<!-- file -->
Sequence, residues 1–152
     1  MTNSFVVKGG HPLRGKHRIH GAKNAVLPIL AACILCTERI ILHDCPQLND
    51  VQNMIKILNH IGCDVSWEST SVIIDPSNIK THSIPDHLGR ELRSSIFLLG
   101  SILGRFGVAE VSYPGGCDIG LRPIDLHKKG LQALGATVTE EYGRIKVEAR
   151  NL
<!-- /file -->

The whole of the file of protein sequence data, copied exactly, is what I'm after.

Sequence, residues 1–152
     1  MTNSFVVKGG HPLRGKHRIH GAKNAVLPIL AACILCTERI ILHDCPQLND
    51  VQNMIKILNH IGCDVSWEST SVIIDPSNIK THSIPDHLGR ELRSSIFLLG
   101  SILGRFGVAE VSYPGGCDIG LRPIDLHKKG LQALGATVTE EYGRIKVEAR
   151  NL